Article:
Statistics Canada is the Canadian agency that is responsible for providing data about the state’s population, economy, resources as well as culture. Recently, it revealed that immigration is the primary reason why Canada’s population is expected to increase within the next five decades. This is contrary to many developed countries across the world whose population is set to decrease over the same period.
According to the agency, under a medium-growth scenario, Canada can have as much as 55 million people living in the state by 2068. There were 37.1 million people in the country in 2018. This means that then, there will be 17.9 million more individuals competing for the available jobs and resources in the state.
Statistics Canada came up with nine practical long-term situations to plan how the population in Canada might look like in decades to come. These were five medium-growth scenarios (with distinct interprovincial migration expectations), a low-growth, high-growth, fast-aging, and slow-aging scenario.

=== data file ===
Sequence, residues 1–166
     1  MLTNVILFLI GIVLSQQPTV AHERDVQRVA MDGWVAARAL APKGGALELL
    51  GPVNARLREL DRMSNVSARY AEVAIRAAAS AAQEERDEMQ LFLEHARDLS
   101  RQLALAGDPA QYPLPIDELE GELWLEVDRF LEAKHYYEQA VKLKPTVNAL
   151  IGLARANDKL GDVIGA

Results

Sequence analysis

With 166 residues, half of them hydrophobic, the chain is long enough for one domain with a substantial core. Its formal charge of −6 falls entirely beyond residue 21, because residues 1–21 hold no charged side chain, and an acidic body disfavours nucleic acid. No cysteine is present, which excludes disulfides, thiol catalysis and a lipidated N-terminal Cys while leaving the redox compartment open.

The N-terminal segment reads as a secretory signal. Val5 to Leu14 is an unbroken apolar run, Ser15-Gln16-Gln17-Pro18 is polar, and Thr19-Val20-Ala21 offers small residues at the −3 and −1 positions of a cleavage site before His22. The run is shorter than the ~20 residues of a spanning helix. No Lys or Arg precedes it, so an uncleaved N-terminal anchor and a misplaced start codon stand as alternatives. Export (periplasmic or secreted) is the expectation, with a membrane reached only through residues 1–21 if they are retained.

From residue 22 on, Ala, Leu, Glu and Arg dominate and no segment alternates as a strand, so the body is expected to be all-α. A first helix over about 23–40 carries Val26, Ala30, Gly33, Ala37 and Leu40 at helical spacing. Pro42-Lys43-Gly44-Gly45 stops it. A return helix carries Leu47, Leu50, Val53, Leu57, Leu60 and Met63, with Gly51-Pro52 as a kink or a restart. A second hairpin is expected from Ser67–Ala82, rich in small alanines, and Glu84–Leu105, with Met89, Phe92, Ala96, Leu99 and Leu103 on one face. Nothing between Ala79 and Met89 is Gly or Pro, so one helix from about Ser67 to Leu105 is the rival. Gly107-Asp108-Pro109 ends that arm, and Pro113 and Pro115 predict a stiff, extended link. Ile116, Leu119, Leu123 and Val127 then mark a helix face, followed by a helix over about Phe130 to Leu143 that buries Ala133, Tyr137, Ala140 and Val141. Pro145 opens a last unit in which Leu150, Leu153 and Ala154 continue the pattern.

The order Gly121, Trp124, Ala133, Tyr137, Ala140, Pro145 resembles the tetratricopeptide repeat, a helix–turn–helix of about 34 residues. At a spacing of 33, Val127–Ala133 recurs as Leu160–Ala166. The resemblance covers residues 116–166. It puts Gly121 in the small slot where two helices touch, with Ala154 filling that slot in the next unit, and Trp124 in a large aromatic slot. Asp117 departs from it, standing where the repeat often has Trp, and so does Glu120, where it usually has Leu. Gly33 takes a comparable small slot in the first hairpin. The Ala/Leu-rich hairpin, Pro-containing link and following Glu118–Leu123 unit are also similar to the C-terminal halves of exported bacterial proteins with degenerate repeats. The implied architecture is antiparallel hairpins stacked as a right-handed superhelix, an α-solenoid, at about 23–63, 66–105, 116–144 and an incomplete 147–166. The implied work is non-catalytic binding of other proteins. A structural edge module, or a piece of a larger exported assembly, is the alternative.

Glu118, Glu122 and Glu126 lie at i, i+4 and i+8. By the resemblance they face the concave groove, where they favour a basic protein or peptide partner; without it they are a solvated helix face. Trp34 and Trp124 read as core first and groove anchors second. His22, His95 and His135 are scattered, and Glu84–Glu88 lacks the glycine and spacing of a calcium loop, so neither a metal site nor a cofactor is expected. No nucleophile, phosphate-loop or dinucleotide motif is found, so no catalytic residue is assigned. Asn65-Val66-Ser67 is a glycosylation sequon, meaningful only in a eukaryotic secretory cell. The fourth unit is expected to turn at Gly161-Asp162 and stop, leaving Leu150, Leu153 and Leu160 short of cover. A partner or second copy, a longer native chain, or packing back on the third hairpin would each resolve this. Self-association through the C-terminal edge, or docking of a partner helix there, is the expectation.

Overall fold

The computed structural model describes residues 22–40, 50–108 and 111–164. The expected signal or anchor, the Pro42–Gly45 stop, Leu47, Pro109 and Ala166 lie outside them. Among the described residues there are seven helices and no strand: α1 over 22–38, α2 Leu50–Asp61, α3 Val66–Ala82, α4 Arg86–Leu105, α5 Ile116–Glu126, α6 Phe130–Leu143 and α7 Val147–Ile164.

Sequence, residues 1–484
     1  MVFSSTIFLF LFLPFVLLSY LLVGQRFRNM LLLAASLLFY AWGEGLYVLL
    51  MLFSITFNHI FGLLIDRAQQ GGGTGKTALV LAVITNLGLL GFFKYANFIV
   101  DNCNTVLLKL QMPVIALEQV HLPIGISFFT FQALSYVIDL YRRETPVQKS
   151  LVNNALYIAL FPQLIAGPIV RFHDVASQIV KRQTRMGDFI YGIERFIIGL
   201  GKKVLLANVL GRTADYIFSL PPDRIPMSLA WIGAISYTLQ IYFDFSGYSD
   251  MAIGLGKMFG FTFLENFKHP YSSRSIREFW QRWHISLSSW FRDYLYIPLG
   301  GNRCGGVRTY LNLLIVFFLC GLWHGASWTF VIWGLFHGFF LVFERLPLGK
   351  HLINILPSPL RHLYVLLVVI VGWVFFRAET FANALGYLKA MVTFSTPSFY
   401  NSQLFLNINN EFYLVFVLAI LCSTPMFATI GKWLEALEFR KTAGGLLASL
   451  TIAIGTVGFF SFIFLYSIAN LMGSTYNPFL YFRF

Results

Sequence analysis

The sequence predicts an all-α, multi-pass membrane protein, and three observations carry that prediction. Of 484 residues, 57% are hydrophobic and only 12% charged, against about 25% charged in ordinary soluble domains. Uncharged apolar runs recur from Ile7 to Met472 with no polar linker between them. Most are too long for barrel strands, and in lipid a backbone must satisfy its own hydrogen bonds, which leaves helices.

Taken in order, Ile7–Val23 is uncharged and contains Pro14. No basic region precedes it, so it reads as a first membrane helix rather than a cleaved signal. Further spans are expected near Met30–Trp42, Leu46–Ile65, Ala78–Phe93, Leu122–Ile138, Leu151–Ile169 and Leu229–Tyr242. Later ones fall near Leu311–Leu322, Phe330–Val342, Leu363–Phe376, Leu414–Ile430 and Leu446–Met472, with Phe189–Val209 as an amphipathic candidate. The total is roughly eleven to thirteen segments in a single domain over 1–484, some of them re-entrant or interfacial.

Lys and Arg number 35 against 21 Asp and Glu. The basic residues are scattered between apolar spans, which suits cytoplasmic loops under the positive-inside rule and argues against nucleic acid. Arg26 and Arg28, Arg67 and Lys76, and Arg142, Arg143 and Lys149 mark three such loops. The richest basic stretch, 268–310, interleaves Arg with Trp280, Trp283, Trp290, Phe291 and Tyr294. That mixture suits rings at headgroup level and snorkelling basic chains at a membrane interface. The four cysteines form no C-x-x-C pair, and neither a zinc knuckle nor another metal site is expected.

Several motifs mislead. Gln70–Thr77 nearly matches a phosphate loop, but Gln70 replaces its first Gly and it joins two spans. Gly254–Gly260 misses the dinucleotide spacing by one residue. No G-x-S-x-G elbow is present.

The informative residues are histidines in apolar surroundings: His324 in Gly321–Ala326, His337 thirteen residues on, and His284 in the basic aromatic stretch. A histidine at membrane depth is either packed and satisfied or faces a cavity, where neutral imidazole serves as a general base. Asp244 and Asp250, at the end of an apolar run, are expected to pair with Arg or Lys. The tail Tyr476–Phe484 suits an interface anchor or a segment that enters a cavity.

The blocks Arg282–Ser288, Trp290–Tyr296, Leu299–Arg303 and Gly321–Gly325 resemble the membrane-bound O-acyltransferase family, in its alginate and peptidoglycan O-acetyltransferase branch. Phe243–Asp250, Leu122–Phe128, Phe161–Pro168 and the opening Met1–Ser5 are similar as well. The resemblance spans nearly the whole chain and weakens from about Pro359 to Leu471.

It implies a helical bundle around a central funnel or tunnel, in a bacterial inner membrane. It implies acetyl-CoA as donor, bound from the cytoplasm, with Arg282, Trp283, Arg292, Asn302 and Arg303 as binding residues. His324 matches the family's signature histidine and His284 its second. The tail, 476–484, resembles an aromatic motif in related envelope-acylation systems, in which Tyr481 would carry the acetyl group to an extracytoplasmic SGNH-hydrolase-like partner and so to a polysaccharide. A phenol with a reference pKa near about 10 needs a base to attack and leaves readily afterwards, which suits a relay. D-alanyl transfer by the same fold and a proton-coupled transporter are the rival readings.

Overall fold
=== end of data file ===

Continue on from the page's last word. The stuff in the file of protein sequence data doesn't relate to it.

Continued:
In all these scenarios, immigration remained to be the main expected population driver in many years to come, but it was not absolutely unexpected. Since the early 1990s, immigrants have been accounting for significant population increases in Canada, as the government agency revealed.
The agency further predicted that even though some provinces would see increases in population in the future, others would see decreases over the next two and a half decades.